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French Guerrilla War & German Retaliation during the Franco-Prussian War 1870

Posted by RTH Real Time History on


Last week the Germans defeated the French at the Battle of Orléans and peace negotiations stalled. This week the new French armies and Franc-tireurs guerillas are on the march again.

After the Battle of Orleans last week, Prussian and Bavarian units moving towards Paris are mopping up resistance from French snipers and Mobile Guards. On October 18, they encounter fierce resistance at the town of Châteaudun. About 1200 irregular Franc-tireurs and National Guardsmen are entrenched in the town, even though it has officially been declared an open city – which means it shouldn’t be defended or attacked.

The two sides shell each other until nightfall, when the Germans storm Châteaudun. There is bitter house-to-house fighting in the darkness, and the Germans are furious at the civilians and Franc-tireurs. As at Bazeilles in September, German troops take revenge by shooting residents and setting fire to 235 buildings. Thuringian soldier Karl Zeitz struggles to understand the violence all around him:

"I don't know how it started: our soldiers advanced one-by-one, rifle in one hand, burning brushwood in the other. They shouted [at the French]: 'So you want to defend house-by-house? […] Light them up! Burn them out!’ Repeatedly I tore the torches out of their hands and said ‘Shoot but don’t burn!’ They answered ‘The French would burn us if they could!’ […] Civilians, even women, took part in the battle. They were found […] killed with shots to the head […] No one who fought in this battle will ever forget it. Wohl jedem, der diesen Kampf mitgekämpft hat, wird er unvergeßlich bleiben."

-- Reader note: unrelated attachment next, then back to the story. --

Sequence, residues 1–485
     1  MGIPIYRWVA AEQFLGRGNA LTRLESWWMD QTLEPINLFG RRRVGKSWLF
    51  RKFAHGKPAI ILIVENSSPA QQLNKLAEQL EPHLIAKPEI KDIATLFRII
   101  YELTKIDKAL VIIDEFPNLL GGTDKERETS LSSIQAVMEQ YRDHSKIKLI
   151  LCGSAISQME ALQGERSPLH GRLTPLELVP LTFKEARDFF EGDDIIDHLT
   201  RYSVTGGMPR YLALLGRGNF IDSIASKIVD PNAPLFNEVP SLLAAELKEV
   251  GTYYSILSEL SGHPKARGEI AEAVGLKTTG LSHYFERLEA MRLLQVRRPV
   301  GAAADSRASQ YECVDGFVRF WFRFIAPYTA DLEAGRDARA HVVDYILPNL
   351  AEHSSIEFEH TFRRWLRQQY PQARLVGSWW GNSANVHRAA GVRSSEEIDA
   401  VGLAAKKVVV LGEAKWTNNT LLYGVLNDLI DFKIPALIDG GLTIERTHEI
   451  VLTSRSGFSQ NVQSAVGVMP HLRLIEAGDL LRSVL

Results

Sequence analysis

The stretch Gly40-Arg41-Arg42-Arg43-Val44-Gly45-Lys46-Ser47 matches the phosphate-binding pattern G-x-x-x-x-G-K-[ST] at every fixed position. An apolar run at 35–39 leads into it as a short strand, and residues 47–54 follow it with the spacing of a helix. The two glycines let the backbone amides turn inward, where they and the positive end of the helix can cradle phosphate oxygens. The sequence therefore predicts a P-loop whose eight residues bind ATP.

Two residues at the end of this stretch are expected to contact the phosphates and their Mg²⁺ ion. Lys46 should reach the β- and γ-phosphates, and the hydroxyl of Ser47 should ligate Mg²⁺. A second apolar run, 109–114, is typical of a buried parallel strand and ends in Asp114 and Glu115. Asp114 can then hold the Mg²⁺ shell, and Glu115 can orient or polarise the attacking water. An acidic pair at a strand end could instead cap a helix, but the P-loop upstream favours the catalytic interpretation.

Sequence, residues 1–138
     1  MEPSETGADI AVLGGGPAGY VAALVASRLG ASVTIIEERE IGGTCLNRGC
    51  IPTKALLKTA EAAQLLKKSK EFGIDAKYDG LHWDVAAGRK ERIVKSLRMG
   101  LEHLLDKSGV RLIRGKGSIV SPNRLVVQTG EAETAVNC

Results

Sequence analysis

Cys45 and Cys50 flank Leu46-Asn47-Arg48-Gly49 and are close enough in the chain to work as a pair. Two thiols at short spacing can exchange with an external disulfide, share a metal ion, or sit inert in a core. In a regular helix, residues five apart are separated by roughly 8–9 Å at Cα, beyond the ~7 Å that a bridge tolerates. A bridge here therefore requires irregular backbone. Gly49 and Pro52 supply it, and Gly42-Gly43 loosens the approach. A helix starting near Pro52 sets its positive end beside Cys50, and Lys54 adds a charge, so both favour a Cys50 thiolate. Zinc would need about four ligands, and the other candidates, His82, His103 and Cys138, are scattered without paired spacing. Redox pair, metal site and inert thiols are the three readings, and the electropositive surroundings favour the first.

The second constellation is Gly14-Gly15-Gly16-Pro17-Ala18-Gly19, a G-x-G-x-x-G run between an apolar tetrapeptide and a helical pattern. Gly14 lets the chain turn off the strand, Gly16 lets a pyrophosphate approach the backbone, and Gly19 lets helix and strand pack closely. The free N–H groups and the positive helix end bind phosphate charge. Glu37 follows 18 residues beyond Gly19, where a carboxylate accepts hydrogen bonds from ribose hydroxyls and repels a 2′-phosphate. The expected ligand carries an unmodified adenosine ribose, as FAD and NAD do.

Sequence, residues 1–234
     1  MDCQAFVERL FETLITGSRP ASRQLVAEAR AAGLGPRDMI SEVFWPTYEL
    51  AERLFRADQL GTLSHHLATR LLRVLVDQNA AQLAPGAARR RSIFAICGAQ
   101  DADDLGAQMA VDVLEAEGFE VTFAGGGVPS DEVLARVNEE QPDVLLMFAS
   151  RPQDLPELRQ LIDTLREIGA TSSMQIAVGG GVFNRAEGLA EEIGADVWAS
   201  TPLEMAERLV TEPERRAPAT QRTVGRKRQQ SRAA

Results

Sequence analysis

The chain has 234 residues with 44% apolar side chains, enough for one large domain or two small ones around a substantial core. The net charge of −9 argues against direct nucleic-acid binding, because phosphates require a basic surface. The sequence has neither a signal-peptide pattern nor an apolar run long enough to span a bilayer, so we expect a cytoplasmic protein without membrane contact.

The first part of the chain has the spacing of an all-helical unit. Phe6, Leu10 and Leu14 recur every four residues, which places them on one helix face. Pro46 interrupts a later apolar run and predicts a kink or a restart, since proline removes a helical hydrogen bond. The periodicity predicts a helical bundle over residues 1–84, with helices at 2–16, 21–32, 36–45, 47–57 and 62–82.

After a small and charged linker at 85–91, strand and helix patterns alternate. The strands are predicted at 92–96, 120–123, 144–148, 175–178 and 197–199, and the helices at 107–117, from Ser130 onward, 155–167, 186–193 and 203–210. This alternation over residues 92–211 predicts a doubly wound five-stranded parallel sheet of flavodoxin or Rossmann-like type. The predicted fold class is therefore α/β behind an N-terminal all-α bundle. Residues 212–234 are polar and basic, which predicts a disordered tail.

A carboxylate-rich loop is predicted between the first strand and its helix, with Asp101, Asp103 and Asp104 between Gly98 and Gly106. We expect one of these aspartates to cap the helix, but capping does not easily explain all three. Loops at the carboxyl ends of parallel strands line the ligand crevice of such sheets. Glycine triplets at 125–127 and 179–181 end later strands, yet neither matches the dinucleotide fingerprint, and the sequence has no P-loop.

Zeitz is an educated man, and he recognizes these events as a break with the civilized values of the time, like reason, religious faith, and progress. Zeitz experiences a new kind of warfare at Chateaudun, one that will rear its head again in the 20th century. In fact some Nazi war criminals on trial for executing hostages later used the precedent of Chateaudun in their defense.

 The French consider the burning of Chateaudun as German revenge for the spirited night-time defense, as historian Arthur Chuquet writes later:

"To avenge the unexpected resistance [General von Wittich] burned the town. Pour se venger de cette résistance imprévue, [le General von Wittich] brûla la ville." (Chuquet 167)

As late as the 1960s, French historians will praise the Franc-tireurs’ heroism, even though their resistance has no hope of succeeding and dooms the town to destruction.

As Chateaudun burns through the night on October 18, Meanwhile German and French forces in the east are also on the move.

Prussian writer Theodor Fontane is also in Besançon, where he’s being held in the citadel awaiting trial on charges of spying. He and his fellow German prisoners fear Garibaldi’s arrival but are also worried that they might be in danger if German artillery bombards the prison. Fontane shares his concern with the Fortress commander:

"[The commander answered]: ‘Yes, these upper vaults will be blown away in five minutes.' The comfort that flowed to [German prisoners] in response was understandably small [given] the prospect of being shot to death by their own countrymen's shells." (Fontane, 93).

 

The fighting in the east is small scale for now, but that will change in the months to come. The main French concern is Paris, and this week the French launch another attempt to break out of their besieged capital.

 

Paris has been encircled for a month, and on October 21 French troops try to break the German ring again. General Ducrot’s 10,000 men advance under covering fire from the guns of Fort Mont Valerien against General Hugo von Kirchbach’s V Corps. This is one of the weaker spots in the German lines around the capital, so attacking here in conjunction with a relief assault from outside the city would make sense.